Back in the 90’s, tech start-ups were all the rage in the Silicon Valley and anyone with a fistful of twenties and an idea that wasn’t totally out in left field could go public. Many people made a lot of money on these start-ups and ultimately many people lost everything when the dot com bubble burst. At the peak of this financial phenomena Silicon Valley was creating hundreds of I.P.O.s (Initial Public Offering) a year.

According to investment firm Renaissance Capital, in 2010 there were just forty-five offerings of tech companies and even less in 2009 with sixteen. The financial crisis has really taken a toll on tech public offerings and investors have been left hungry.

le_floor_de_wall_street_smallWill 2011 be the year Silicon Valley sees a return to the pre-recession days? Although it doesn’t seem as if there will be public offerings in the triple digits, there are some hot brands that may be looking at I.P.O.s in the coming year. Groupon, Skype,Facebook and Zynga have had analysts scratching their heads as to when they will go public and investors seem to be waiting with cash in hand.

“If the equity markets remain stable, I expect a solid I.P.O. market,” said Peter Falvey, co-head of technology investment banking for Morgan Keegan. “We could see 20 percent more deals by value and by number.”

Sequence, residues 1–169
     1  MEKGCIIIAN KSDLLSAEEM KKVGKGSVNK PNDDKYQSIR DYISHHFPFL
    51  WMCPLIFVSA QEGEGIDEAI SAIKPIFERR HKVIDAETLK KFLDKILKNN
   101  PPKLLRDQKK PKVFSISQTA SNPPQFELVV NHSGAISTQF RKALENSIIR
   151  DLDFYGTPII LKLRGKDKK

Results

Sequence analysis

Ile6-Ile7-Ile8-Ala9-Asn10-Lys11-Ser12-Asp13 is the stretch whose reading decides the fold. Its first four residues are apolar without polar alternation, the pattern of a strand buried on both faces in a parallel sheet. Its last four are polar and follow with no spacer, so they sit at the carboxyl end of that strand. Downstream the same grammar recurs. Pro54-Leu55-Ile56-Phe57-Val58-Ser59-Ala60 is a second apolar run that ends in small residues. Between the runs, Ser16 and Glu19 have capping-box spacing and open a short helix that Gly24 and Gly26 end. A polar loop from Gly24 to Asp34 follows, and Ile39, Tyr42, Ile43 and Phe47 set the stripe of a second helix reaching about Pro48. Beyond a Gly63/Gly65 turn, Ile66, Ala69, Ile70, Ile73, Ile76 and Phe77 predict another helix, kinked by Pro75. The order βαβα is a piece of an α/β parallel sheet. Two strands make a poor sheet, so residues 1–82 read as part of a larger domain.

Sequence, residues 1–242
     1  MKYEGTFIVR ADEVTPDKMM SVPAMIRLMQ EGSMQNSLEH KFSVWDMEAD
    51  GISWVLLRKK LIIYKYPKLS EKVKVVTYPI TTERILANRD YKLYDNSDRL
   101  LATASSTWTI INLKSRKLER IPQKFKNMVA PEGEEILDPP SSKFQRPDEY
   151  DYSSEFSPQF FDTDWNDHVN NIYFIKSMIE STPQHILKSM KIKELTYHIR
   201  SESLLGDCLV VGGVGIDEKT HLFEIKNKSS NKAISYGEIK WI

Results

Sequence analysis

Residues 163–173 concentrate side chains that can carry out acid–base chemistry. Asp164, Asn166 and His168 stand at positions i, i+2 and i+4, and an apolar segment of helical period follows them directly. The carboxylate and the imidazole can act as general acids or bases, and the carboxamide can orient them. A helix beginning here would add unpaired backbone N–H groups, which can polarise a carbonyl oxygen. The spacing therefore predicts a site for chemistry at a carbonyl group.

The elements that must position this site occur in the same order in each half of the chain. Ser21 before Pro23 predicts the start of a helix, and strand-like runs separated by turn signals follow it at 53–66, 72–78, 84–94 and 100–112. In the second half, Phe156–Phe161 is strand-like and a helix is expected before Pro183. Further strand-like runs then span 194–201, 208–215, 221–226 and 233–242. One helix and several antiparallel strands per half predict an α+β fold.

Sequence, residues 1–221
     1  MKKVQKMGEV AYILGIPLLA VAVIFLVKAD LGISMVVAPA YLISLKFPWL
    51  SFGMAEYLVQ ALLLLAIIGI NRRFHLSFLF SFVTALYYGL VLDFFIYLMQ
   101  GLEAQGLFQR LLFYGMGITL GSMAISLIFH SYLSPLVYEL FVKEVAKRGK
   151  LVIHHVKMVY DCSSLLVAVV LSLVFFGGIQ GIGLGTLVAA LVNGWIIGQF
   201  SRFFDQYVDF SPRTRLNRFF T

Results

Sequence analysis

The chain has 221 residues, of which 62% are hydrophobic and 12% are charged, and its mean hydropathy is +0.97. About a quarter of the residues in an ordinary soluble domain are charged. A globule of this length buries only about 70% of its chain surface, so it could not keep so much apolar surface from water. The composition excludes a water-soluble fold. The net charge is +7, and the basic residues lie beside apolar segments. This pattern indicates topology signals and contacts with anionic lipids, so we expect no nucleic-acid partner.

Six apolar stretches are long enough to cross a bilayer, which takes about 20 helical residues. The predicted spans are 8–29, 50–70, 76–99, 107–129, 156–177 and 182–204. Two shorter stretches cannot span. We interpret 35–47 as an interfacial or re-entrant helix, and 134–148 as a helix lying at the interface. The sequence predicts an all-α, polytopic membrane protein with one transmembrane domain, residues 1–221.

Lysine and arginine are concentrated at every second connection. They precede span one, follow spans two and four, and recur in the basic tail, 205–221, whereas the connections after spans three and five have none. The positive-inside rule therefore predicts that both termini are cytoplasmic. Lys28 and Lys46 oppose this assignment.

The magic question that everyone is trying to answer, will these hot companies choose to go public or will they continue to seek additional venture capital funding? Groupon is negotiating with Fidelity, T. Rowe Price and Morgan Stanley for another round of financing that could be as large as $950 million, which puts a damper on a potential 2011 public offering. Similarly, Facebook raised more than half a billion dollars from the Russian firm Digital Sky Technologies.

If these popular American companies decide to stay private look toward the Chinese companies looking to go public on the American Exchange. There seems to be many of these Chinese companies but the one that seems to have the biggest potential is one called DangDang, an online retailer that experienced higher than expected returns raising $272 million.

We now all sit back and wait to see if 2011 will be the year tech I.P.O.s explode and give the economy a charge, or if these high profile companies continue to acquire private funds.

What do you think will happen 2011? If there is a tech I.P.O. explosion what companies would you like to invest in? Hopefully the TechnoBuffalo readers will give some hot investment tips.

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